Canada’s oldest national park, and one of the largest, is the Rocky Mountain paradise of Banff, Alberta. Just 110 km west of Calgary, Banff is one of the most visually stunning natural landscapes found anywhere in the world! 6,640 square km of pristine, untouched mountains, forests, rivers and lakes are filled with wildlife and tourists in the summer. Mountain elevations are so high that snow sticks around all year.
In the southern middle of this vast park sits the town of Banff, named so by George Stephen, the grandfather of the Canadian National Railroad. As the railway was forged westward, natural hot springs were discovered in the western Rockies. George Stephen founded the town of Banff on the site to act as a rest stop for weary passengers on the trans-continental journey. Prime Minister Sir John A. MacDonald declared 6,000 square km of the land around the town as a National Park in 1885. The park has been a protected site ever since, with several large and luxurious hotels and ski resorts opening up, but otherwise leaving the nature alone.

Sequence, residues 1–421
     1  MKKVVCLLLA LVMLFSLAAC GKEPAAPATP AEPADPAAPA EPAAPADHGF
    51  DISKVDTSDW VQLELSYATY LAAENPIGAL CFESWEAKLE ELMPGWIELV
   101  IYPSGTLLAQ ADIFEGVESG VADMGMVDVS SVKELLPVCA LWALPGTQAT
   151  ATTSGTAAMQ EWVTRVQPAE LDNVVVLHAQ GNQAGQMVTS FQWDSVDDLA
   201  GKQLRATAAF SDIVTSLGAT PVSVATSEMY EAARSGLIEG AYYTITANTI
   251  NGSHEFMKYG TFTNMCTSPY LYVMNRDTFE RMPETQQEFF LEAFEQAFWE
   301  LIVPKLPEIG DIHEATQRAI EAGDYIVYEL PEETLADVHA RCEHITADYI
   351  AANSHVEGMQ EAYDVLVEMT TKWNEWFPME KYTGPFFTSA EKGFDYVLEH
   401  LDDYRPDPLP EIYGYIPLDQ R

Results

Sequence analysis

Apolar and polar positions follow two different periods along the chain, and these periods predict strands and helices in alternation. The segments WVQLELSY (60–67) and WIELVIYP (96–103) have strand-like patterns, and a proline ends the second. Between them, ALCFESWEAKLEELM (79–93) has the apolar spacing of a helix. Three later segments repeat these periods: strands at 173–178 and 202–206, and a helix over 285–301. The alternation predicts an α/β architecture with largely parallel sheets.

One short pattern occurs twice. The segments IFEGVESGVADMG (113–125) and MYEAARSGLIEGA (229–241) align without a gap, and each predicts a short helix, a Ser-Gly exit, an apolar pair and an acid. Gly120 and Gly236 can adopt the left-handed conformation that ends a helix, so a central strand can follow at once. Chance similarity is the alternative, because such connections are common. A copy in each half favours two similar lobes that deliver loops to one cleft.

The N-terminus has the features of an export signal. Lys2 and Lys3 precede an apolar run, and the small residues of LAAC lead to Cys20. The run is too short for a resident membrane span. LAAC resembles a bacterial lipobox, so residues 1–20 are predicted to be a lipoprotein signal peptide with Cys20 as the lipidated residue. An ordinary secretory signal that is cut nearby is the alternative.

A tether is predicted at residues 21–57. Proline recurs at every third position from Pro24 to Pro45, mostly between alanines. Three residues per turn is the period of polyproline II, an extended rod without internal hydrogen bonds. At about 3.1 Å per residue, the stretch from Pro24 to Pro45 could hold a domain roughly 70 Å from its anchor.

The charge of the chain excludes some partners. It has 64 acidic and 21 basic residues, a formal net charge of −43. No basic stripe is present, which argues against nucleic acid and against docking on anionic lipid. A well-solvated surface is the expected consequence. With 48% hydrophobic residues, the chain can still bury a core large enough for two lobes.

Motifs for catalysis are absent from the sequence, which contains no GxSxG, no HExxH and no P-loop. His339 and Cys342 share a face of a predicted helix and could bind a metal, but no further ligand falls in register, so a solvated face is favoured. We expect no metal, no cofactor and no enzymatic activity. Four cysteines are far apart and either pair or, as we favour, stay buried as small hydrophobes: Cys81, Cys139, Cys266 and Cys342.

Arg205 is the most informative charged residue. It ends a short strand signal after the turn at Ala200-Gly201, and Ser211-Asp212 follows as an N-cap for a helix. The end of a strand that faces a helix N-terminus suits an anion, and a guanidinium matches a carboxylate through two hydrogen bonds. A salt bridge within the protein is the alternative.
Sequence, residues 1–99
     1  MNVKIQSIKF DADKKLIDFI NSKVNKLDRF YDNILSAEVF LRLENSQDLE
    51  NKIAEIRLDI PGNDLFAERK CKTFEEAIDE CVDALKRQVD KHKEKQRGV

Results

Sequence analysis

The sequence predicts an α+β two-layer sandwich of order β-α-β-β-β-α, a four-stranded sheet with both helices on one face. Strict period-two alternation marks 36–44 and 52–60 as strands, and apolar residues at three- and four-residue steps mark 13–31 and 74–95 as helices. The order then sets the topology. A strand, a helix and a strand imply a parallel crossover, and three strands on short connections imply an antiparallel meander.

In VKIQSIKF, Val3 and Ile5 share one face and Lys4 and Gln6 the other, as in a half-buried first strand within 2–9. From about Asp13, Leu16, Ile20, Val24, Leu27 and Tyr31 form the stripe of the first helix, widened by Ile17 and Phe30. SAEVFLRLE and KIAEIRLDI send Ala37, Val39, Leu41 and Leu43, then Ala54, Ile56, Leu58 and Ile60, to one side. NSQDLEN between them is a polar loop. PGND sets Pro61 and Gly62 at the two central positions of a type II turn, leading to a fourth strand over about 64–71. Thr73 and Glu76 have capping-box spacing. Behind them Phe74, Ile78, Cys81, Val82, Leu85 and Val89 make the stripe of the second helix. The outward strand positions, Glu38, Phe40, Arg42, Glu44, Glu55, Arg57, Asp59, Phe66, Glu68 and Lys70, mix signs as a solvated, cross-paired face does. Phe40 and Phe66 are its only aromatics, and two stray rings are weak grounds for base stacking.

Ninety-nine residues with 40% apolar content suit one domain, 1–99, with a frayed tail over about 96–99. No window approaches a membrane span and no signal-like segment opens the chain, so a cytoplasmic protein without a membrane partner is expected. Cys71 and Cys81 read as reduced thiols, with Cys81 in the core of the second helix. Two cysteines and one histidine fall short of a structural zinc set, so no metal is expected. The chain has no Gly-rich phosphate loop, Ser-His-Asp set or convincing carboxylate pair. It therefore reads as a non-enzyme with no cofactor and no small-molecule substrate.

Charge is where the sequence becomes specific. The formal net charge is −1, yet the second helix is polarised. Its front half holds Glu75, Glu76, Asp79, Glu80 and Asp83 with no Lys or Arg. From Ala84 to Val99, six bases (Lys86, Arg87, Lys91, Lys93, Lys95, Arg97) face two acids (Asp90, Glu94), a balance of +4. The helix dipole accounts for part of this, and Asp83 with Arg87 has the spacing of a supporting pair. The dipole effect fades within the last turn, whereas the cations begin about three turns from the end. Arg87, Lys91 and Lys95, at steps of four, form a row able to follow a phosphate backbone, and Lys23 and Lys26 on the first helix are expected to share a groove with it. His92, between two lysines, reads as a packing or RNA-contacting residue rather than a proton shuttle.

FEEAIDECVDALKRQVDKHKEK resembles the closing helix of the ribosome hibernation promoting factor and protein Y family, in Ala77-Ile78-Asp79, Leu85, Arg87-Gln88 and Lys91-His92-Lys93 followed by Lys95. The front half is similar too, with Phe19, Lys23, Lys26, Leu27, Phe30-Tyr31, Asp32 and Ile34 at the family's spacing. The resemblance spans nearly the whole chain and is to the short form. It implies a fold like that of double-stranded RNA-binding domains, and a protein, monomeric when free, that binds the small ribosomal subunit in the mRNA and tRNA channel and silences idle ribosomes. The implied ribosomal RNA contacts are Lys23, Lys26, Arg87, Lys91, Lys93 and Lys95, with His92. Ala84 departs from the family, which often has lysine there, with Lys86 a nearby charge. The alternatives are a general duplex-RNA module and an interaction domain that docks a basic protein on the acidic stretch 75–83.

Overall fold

In the 1940’s the Trans-Canada Highway was built through Banff, connecting the park to both Calgary in the east and Vancouver in the west and opening the park up to a massive influx of tourists in the post-war boom years. Today, more than 3 million people from around the world visit Banff National Park every year. Instead of telling you about it, just look!